Kind of like tonight. I went to my Monday night haunt - the Italian restaurant where I occasionally sing and depending who you asked about the venue, they either want the TVs louder and the live music softer, or the musicians want the TVs off. Both are vehement. Nuts and chews. Dark vs. light. They're both candy. But bottom line is, which pays the bills? The television/bar patrons seems - oh, so very droll, so I root for the live musicians and the singers. Then I look at the row of empty tables and the broke-ass musicians coming in to play and sing, while nursing a beer costing $3.50, and by the way, the restaurant gave them a coupon worth $4.00 in honor of their "gift" of talent. On the other side of the plastic spit guard/room divider, is a row of loud-mouth patrons hooting and hollering over the football game. Plebeians, I think. Yet, upon reflection, those ARE the folks paying the bills tonight. I hate it. I want the arts to win every time. But complacency is a disease, and now too comfortable to see the picture, the house band pianist shows up with old marinara sauce on his tie and a smirk of imperialism. The folks at the bar don't pretend to give a shit, don't apologize for it, and the truth is, it is they who pay for the lights, Workman's comp, busboys, waitresses, and so on. Both are candy, but one is nuts and the other - chews.

Change! Change! Change! "Turn off that TV and listen to us. " Really? Why? Because your music is so esoteric, so thought provoking, so intellectual? How intellectual can it be if because of its very complacency it sucks the air out of the place and extinguishes itself. Oh, crap. You mean, this wasn't a high school party where we could just come hang out and play and sing and not pay the piper? Truffles cost money. You want the best? Sure you do, but are you willing to pay for it?

The truth is, the really great musicians worked last night and Saturday night too. Maybe even Friday night. Tonight is their day off. They rest. The "jam session folks" come in, nurse a glass of Rose or a cold Coors for three hours, spread their instruments across a clean tablecloth and want a round of applause when all is said and done. Nuts and chews. Is it plausible to think that one's talent is so great that the restaurant should stay open in order to satisfy their high school "jam" sessions which sound more like a practice session? Do I want to get up and sing my ass off? Absolutely. Do I think I should get up there and do it for free - gracing all who come to eat and are lucky enough to find me singing? Yeah, I kind of wish. But the truth is so far from that. And yet I hear others complain, "The owner is cheap." Wow, I think. Let's review. You came in, took up a table, screwed up the linens, dirtied a water glass, left no tip for the help, soiled a linen, kept the lights burning by the very nature of showing up, used the restroom , tp, and soap and still didn't even bring a chart for the bass player, let alone the pianist, and had the nerve to be flat or read your lyrics while "singing" your heart out to no one in particular, because you didn't even think to bring anyone who might order more than the free bread. I guess what I'm bitching about is the air of entitlement I see in so many folks these days. Doesn't matter if its your kids or your co-workers, it's lame, people. The truth is, we all need each other to co-exist in the arts or in the restaurant business in such hard, economic times. And then to hear someone whine that they got $50 for the night; while crappy pay for the "professional," it leads me to wonder what is it that makes that this person's work so much more valuable than the poor woman who stands in her sensible shoes all night long, working the tables or the guy in the back, washing dishes and not a place to sit and take a breather for hours.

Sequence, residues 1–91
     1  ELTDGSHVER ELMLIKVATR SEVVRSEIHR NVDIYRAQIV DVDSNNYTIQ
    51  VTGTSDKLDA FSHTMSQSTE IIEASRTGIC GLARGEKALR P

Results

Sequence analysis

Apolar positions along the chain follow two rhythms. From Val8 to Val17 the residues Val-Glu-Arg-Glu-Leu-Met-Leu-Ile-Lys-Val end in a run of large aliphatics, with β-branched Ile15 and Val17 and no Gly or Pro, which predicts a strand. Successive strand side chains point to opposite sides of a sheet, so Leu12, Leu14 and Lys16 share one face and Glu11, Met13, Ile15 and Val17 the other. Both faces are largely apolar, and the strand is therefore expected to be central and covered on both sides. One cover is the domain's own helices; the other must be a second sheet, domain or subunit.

While we may all like the candy, some of us need to remember that it costs money to keep the store open, the candy lady passing out the darks and lights, chews and nuts, truffles and hard candies and pay the cashier, the rent, lights, insurance, Workman's comp and so on. Where are you going to get your dark chocolate fix, your milk chocolate high and your nuts and chews if the candy store goes belly up because you want more free samples and walk out with a couple of suckers instead of a pound or two of candy. We have become so of the "let the deep pockets suck it up" mentality, that we are the nuts. Chew on that my fellow singers and musicians who fail to market their craft, press the flesh, engender customers, forget to asks for requests, or shake a hand, asking them to make reservations for your upcoming show. Then we can all sit around and talk about the good ol' days when restaurants had live jazz every night of the week. But we won't be sitting around a white table linen having that conversation, and chances are as this Titanic sinks, there won't be any musicians playing as we sink into the depths of a dark chocolate sea. And all the while you'll be remembering when someone asked if you would like that gift wrapped. No thanks, I'm waiting for my sensible chews.